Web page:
The seven-year-old defeats the scholar

There was once a great scholar. He was very proud and haughty. In argument, he used to defeat the rest of the scholars. Those who were defeated by him had to pay a penalty. On a monthly basis they had to send the scholar either money or material objects. This went on for a long time. Nobody could defeat him.

One day a little boy saw his teacher sad and miserable. He was only a seven-year-old child. He asked his teacher, “What has happened to make you so sad?”

His teacher said, “I have to pay my next instalment to the greatest scholar and today I do not have any money. My payment is due and he will be so angry with me if I do not pay him on time.”

The little boy felt miserable. Something within him prompted him to say, “I will be able to solve the problem of this bad scholar who is torturing everybody.”

Something within prompted this little boy to challenge the greatest scholar. He asked his teacher to take him where the greatest scholar was currently residing. The teacher became frightened. He said, “I cannot take you. You are a little boy. How are you going to challenge such an expert on the scriptures?”

All of a sudden the teacher and the little boy heard an enthusiastic noise. The greatest scholar was passing by on a palanquin, and his admirers and adorers were singing his praises. It was his practice to go from village to village in this way and challenge the local scholars.

When the little boy heard the commotion, he went running into the street and stood directly in front of the greatest scholar. People could not account for it. “What is he doing?” they asked.

The little boy ignored them. In a loud voice he said to the greatest scholar, “You have to stop! Stop! I have to ask you a question and you have to answer me.”

All the villagers were highly amused.

Then the little boy collected some sand from the street and closed his fist. He said to the greatest scholar, “Please tell me how many grains of sand there are inside my palm.”

The greatest scholar could not reply. He did not know the answer to the child’s question. Some of the villagers became frightened, some were amused and some started clapping because the greatest scholar could not accurately say how many grains of sand were inside the little boy’s palm.

Then the boy said, “Since you have lost to me, all the other scholars, including my teacher, do not have to pay you their penalties. They are freed from their debt.”

All the scholars agreed. They said, “Why should we pay you? This little boy is greater than you are. You could not answer his question.”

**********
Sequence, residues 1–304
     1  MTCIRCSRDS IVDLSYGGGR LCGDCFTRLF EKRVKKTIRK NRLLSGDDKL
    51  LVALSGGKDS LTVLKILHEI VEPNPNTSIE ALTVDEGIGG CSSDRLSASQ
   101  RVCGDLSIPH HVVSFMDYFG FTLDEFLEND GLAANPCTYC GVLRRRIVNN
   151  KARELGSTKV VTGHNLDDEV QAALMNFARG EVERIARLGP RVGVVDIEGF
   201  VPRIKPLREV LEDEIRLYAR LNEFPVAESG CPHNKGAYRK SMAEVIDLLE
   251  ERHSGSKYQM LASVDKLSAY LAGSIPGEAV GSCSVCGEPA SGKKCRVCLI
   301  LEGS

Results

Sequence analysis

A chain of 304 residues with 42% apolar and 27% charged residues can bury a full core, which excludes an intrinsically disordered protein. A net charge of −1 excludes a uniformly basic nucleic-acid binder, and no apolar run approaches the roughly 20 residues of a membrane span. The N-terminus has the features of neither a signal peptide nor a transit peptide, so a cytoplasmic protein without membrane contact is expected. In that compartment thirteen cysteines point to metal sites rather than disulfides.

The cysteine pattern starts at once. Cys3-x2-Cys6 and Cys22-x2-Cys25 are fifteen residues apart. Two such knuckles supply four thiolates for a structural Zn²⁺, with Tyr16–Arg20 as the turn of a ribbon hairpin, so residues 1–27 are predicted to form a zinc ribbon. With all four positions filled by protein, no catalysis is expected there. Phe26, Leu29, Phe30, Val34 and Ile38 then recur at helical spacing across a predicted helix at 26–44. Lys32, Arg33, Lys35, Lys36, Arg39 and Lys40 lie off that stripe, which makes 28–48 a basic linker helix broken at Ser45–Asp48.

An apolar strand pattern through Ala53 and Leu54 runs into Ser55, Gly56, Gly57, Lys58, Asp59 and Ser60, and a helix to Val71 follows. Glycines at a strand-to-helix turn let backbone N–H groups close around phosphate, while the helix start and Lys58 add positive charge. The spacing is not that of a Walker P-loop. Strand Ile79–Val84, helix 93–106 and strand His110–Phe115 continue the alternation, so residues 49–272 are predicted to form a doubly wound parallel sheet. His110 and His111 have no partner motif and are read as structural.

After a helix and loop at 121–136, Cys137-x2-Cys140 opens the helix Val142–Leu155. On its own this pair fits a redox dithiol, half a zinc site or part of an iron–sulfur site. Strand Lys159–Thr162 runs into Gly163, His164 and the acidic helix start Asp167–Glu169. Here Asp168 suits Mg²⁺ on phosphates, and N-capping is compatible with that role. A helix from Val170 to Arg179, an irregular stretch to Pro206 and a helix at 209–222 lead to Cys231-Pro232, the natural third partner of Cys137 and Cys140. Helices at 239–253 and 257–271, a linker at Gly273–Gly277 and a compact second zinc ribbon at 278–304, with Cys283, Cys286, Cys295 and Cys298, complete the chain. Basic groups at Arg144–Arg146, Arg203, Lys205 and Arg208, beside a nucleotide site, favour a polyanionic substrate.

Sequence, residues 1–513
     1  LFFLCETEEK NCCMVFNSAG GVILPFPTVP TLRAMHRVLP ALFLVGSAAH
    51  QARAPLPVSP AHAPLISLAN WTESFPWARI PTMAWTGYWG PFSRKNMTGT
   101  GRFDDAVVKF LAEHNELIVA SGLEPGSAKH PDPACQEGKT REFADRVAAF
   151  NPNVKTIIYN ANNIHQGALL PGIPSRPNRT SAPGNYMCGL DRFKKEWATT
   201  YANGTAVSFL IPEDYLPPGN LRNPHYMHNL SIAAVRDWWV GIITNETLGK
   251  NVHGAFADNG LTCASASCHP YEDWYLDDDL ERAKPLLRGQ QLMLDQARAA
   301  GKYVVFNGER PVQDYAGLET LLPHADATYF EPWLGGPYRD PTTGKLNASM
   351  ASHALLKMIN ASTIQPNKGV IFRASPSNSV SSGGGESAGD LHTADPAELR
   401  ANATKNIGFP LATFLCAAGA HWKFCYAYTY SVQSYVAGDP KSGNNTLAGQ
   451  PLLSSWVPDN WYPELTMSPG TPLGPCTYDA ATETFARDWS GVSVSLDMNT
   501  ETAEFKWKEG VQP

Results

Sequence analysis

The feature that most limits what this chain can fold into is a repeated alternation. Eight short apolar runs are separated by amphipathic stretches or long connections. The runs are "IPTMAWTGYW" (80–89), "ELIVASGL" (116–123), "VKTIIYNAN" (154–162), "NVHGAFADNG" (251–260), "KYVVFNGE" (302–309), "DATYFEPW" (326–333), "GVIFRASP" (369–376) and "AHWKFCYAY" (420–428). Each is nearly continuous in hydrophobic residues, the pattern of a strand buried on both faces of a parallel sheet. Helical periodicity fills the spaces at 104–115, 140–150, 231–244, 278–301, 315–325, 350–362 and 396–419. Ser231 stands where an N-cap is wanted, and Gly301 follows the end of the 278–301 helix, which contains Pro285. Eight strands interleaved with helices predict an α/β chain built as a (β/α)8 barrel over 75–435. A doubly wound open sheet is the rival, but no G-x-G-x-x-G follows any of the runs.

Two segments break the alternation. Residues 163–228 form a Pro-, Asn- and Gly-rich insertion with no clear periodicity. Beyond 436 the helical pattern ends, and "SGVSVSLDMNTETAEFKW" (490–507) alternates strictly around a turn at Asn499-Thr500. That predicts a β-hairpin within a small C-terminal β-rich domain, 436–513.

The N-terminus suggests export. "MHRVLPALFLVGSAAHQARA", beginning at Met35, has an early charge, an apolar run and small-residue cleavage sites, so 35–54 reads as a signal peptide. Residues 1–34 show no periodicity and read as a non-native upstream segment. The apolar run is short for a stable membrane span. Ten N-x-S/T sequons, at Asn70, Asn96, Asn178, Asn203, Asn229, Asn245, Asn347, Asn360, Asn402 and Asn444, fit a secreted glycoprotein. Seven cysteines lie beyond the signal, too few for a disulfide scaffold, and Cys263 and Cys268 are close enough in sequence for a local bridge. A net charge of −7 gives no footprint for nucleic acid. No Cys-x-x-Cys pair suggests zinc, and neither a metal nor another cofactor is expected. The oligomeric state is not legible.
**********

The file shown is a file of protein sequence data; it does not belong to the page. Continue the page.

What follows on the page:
Soon news of what had happened reached the ears of the king. The king had tremendous admiration for the greatest scholar. He was astonished to hear that the greatest scholar had been defeated.

The queen said to the king, “I would like to see this little boy who defeated the scholar.”

The king replied, “I still cannot believe that it is true.”

The queen said, “I believe it. Let us invite both of them — the so-called greatest scholar and this seven-year-old boy who has now surpassed him. Let us hear them debate and we will decide for ourselves.”

So the pair were summoned and all the scholars in the kingdom, plus thousands of their friends and relatives, gathered at the palace to witness the debate.

When the queen saw the little boy, in silence she poured all her affection, love, sweetness and fondness into him. She said to herself, “This little boy has to win.”

Meanwhile, when the king saw this upstart, he began laughing and laughing. He said, “I cannot imagine how this little boy is going to defeat the scholar!”

The queen said emphatically, “He is going to defeat him. In my heart I know it.”

“Let us wait and see,” replied the king.

The debate began. First of all, the greatest scholar said to the little boy, “It is beneath my dignity to ask you questions. You can ask me any question and if I can answer successfully, which I shall easily do, I shall apply this hammer to your head to teach you a lesson.” Then he brought out a hammer from his garment.

Everybody was shocked. They were afraid that he would kill this little boy. But the little boy was not frightened. He said to the scholar, “I am going to make three statements, and you have to prove that in each case I am wrong. My first statement is: I am my mother’s only child. The second statement is: our king has committed no sin. The third statement is: the queen married only the king. Think it over and see if you can refute these statements.”